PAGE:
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Solutions to Teen Rebellion

by Tanya Brown

Rebellion stems from your teen’s desire to be independent. This phase, which usually ends in early adulthood, can be difficult for parents because they fear that their teen will make destructive choices. Some degree of rebellion is normal during adolescence, according to a 2009 article in "Psychology Today," so you might not be able to stop your teen from challenging your authority. However, you can take some actions to minimize your teen’s risk of engaging in activities that are dangerous, unhealthful or unlawful.

Set Behavioral Expectations

Behavioral expectations serve as the foundation for communicating with your teen about his actions and assessing your teen’s behavior, according to a 1999 article on the University of Minnesota Extension website. Parents who set behavioral standards and praise their teens for behaving appropriately during difficult situations encourage positive actions from their teens. Set expectations through rational conversation before problems arise to assert your authority in a calm, positive manner. Be clear about which behaviors are acceptable and which are not when it comes to the tone of voice your teen can use when speaking to you, the types of activities he’s allowed to engage in and his actions toward relatives, teachers and other members of your community.

Choose Your Battles

According to youth development specialists Stephen Russell of the University of California and Rosalie J. Bakken of the University of Nebraska, adults who insist on controlling every aspect of their teen’s behavior might encourage defiant outbursts and extreme rebellion. Avoid scolding your teen about issues that do not impact her education or pose a threat to her safety or the safety of others. Give your teen a bit of leeway when it comes to her hairstyle, clothing, taste in music and other choices that foster independence. If your teen asks you to bend your rules, remain flexible by making exceptions in certain circumstances, such as extending your teen’s curfew on weekends or special occasions.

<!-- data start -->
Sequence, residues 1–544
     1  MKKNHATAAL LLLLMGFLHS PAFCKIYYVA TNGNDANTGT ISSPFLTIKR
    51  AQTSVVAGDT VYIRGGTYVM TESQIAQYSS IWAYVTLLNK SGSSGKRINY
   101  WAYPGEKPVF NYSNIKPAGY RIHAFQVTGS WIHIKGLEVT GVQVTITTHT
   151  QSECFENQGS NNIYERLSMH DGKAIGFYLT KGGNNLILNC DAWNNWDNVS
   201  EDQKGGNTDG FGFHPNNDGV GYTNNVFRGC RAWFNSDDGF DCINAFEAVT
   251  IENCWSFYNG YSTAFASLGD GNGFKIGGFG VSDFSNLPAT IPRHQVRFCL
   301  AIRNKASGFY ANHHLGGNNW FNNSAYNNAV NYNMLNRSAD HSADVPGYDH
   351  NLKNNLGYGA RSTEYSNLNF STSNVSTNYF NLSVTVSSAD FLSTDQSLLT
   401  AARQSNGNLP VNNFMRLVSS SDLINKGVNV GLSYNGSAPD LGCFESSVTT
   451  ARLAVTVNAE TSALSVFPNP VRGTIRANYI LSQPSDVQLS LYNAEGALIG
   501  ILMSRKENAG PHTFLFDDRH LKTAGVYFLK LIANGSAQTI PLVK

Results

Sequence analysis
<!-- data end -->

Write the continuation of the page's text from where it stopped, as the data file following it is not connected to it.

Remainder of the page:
Follow-through on Punishments

Punishing your teen when he misbehaves not only asserts your authority, but it also holds your teen accountable when he makes poor choices, allowing him to experience the connection between actions and consequences. Establish a set of rules with your teen, and be clear about the repercussions of not following them. Always administer the appropriate punishment, even if it inconveniences you. This encourages your teen to take you seriously and increases his likelihood of making better choices in the future.

Lead by Example

Teenagers pay close attention to the actions of their parents, notes author, psychologist and TV personality Dr. Phil McGraw. Parents need to model the behaviors they want their teens to display. Disrespecting your spouse, yelling at grocery-store cashiers, arguing with your parents or displaying road rage shows your teen that you lack self-control. That can minimize his respect for you as an authority figure. Your teenager will also notice whether you drink a lot of alcohol, take drugs or choose poor associates. Parents are their teen’s greatest role models, so you must lead by example to encourage positive behaviors.

About the Author

Before starting her writing career, Tanya Brown worked as an eighth-grade language arts teacher. She also has a background in nursing, with extensive experience in urology, neurology and neurosurgery clinics. Brown holds a bachelor's degree in psychology and is pursuing her master’s degree in educational psychology.

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